JR Potts, AUS 173d AB (Updated: 1/2/2015):
During the inter-war years (the period between World War 1 and World War 2) Germany made a habit of side-stepping international treaty rules limiting the number and tonnage of warships allowed to the Kriegsmarine (based on the post-World War I Treaty of Versailles. As such, the Reichsmarine classified the Scheer as a smaller armored ship, or "Panzerschiff". This subterfuge of the class placed him in the eyes of the world as complying with the treaty rules for, at least on paper, he was a small warship. The heavy cruiser was one of the few ships in naval history that has often been referred to as male by its crew and referred to as "he"instead of the usual feminine gender use of "her" utilized in most navies of the world, even today.
The Scheer's first mission began in July 1936 when he was sent to Spain to evacuate German civilians caught up in the Spanish Civil War. The vessel was also called on to spy on Soviet ships carrying supplies to the Communist Republicans while protecting ships delivering German weapons to Franco's Nationalist Fascist Army. On May 31st,1937 he and several German planes bombarded the Republican town of Almeria, Spain, in response to a previous air attack on the sister ship KMS Deutschland. The British papers condemned it as a criminal act and, upon further review, only a few deaths were attributed to the limited shelling. By the end of June 1938 the Scheer had completed a total of eight deployments to Spain in support of the Fascist Spanish government. He returned to Germany for a refit, having his superstructure lowered for a reduced profile and radar image. After the refit, the Kriegsmarine reclassified him as a heavy cruiser for shore bombardment and supply delivery to Spain was not what Hitler had intended for his pocket battleships - commerce raiding of convoys was more the forte of this class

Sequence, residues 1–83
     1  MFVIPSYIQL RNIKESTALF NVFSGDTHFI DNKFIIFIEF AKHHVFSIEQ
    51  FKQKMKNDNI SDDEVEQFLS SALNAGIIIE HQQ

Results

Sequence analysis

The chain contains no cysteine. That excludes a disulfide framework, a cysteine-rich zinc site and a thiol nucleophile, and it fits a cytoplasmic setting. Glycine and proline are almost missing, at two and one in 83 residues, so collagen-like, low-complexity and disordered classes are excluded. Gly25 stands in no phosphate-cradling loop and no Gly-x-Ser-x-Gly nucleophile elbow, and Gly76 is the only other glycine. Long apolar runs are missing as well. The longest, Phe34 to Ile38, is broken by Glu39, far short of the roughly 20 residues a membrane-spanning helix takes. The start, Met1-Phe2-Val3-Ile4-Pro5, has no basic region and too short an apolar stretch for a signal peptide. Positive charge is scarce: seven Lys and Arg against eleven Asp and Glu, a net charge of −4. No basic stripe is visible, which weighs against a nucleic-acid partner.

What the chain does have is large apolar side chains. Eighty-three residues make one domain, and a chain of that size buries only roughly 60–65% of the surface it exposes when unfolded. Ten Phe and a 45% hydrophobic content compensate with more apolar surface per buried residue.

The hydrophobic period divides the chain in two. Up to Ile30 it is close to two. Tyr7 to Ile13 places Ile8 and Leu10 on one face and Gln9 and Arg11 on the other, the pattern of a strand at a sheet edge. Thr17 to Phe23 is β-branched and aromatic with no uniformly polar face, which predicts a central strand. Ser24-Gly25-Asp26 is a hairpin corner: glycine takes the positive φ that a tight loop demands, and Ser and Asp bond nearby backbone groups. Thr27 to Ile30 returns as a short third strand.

A convoy was a group of ships traveling together for mutual support and protection - this tactic was utilized before and during the Second World War. The British adopted a convoy system, initially voluntary and later compulsory for all merchant ships, when World War 2 was declared. The first convoys emerged from Canadian ports and then soon after from American ports. A Commodore with naval experience was assigned to oversee the assignment of these ships and their cargos. He would develop a master plan for each ship and they would be assigned to a particular spot in the convoy "box". The box required each ship to maintain a certain speed and keep an assigned distance from the ship along her bow and stern and to her on port and star board sides. No doubt this required a lot of discipline for each ship and crew, especially when considering operations at night, often running in complete darkness so as not to provide easy prey to enemy submarines.